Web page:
Rowan & Martin’s Laugh-In

Socking It to You

Although each Laugh-In episode would offer an introductory welcome by Rowan and Martin, very little of what followed adhered to the traditional rules of the variety format. Guests were not asked to do their specialties but thrown into the middle of rapid-fire running gags or given split-second cameos, repeating nonsensical comments that were then edited into the context of whatever episode it best fit. (A cast regular tossing off the line “You bet your sweet bippy,” might be followed by a notable such as Lena Horne facing the camera and asking “What’s a bippy?”). Those same guests were dropped through trap doors, splashed with water, and encouraged to get silly in the “nothing sacred” spirit of the ensemble of regulars.

mong the program’s ever-changing roster of principals, few of them plied their trade exclusively as comedians prior to the series, but instead came from a variety of entertainment fields, including sketch stage revues, situation comedies, and straightforward acting assignments. During Laugh-In’s six-season run it was the cast members from its first two years who stayed most firmly in the minds of viewers, they being Ruth Buzzi, whose specialty was portraying forlorn, pocketbook-swinging frump Gladys Ormphby; bellowing Jo Anne Worley, always on the lookout for forbidden “chicken jokes”; “sock it to me” gal Judy Carne; deliberately camp Alan Sues; soft-spoken Henry Gibson, who presented flower power poetry recitals; deliriously kooky Goldie Hawn, whose infectious laugh reflected the program’s giddy embrace of all things silly; and Arte Johnson, whose wealth of characterizations included a nervous and somewhat dim Romanian, a dirty old man who mumbled lecheries at Buzzi’s Gladys, and a sneaky German in a soldier’s helmet who appeared behind a plant at the climax of each episode to remark “ver-r-r-ry interesting . . . ” The last was just one of many bits of shtick that branded the series as nothing like any other then on the air or before it.

Because the pace was fast, the writers were able to toss in potentially incendiary political barbs (directed at both the right and the left, in order to keep a safer balance than had TW3 or had another program that made its liberal stance felt and often ran into problems with the network as a result, The Smothers Brothers Comedy Hour), innuendos that often kept the censors on their toes, and seemingly taboo references like the Pill, racial inequality, marijuana, and the hopeless war in Vietnam. Jokes ran along the bottom of the screen like news bulletins or popped up in comic book clouds (my personal favorite: “George Wallace . . . your sheets are ready”), filmed inserts filled in the segues between jokes (notably variations on an anonymous figure clad in a yellow rain slicker plowing his tricycle into inanimate objects), and the more shapely female regulars gyrated like go-go dancers to display a body full of painted-on slogans. Audiences soon came to expect such set-pieces as the cocktail party, wherein cast members froze in the midst of dancing to deliver one-liners right at the camera; the news, which opened with a catchy tune (“We just love to give you our views . . . la-da-dee-DAH!”) performed by the female ensemble dressed in a series of kitschy costumes and featured often potent swipes at current events as well as predictions of future ones (a joke about California Governor Ronald Reagan being U.S. president twenty years down the line was treated as just that, a joke); the Flying Fickle Finger of Fate Award, bestowed upon U.S. organizations that were getting away with injustices; and the joke wall, with the cast delivering zingers that ranged from topical barbs to moldy clinkers that seemed to have their origins in burlesque.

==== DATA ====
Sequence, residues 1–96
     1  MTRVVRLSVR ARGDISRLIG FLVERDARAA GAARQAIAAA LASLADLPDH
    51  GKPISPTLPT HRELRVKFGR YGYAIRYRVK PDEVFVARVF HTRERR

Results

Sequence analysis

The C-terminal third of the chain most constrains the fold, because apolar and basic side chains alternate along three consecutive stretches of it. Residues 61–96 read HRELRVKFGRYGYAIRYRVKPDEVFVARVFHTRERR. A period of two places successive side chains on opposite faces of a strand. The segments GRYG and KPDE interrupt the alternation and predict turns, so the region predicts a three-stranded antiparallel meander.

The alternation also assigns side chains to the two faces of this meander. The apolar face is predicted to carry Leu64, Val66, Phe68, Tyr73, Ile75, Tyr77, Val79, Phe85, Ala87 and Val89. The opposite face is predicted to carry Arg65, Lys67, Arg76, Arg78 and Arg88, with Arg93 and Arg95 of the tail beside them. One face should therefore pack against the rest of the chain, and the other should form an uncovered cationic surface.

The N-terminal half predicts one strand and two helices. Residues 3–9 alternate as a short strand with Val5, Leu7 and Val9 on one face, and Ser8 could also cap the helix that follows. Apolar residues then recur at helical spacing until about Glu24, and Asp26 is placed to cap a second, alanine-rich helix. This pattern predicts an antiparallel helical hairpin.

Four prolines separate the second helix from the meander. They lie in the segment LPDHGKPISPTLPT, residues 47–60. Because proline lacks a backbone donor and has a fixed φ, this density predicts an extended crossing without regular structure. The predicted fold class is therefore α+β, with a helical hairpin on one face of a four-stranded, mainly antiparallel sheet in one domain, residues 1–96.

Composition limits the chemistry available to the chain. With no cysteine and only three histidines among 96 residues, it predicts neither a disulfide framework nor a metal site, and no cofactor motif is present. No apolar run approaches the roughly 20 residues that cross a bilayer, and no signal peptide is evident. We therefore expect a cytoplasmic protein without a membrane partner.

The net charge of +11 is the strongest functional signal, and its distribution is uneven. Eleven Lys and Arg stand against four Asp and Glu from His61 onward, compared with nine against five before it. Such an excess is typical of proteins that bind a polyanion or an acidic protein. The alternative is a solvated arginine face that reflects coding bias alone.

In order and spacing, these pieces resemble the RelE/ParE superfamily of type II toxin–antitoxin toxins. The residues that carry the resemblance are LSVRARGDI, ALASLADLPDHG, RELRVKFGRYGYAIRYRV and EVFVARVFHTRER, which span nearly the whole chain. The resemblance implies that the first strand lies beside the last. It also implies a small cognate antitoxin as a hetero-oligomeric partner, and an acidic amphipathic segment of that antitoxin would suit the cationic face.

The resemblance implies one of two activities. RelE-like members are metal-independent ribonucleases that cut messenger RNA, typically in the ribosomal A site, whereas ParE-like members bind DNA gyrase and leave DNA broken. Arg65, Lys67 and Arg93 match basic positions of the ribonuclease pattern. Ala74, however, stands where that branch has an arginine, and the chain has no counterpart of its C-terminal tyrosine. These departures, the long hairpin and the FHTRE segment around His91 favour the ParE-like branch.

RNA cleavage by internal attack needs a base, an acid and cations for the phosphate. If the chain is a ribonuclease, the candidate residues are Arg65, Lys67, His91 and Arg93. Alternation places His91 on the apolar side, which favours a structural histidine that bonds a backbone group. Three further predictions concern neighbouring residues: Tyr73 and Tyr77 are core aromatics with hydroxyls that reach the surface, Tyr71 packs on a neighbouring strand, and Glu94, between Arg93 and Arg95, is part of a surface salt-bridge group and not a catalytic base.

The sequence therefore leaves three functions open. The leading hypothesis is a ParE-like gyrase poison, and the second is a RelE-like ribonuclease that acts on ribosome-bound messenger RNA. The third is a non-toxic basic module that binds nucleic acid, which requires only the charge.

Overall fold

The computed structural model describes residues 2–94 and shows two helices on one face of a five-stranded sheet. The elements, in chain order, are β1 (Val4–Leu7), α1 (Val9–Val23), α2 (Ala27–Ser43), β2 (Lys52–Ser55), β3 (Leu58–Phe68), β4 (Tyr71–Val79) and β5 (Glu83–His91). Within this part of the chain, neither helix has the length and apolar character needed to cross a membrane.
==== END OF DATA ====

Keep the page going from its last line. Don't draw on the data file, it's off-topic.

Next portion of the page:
The tone was crazy and self-deprecating (no program ever had such fun denigrating itself), often witty, and just as frequently, shrill and dumb, though that seemed to be part of the plan too. Three or four eggs might be laid in a row, leading up to a genuine belly laugh or wry observation that made the whole chaotic enterprise worth the while. Because it all zipped by in so breathless a fashion, unhampered by conventions, one was inclined to forget that sometimes it was the presentation, not the joke itself, that was so much fun. It was maddening or a breath of fresh air, depending on one’s feelings about the traditional forms of television variety, but it was so colorful and energetic that viewers couldn’t help but tune in for more, week after week, because the unpredictability of it all promised its share of surprises.

In a few short weeks following its January 22, 1968, debut on NBC, Rowan & Martin’s Laugh-In had not only triumphed in the ratings but would eventually manage to challenge and then top two CBS stalwarts in the same timeslot, Gunsmoke and The Lucy Show (which, pointedly, both had their roots in the fifties, the former directly, the latter indirectly). The show became nothing less than a phenomenon, climbing to the number-one spot in the Nielsen ratings for its first two full seasons. It brought forth a slew of tie-in merchandising, from books to record albums to wastebaskets to bubblegum cards; news articles offering both praise and condemnation; all those catchphrases; and the expected imitators, who couldn’t seem to capture its insane rhythms or make the impact that it did.

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Photo credits—George Schlatter Productions; NBC/Photofest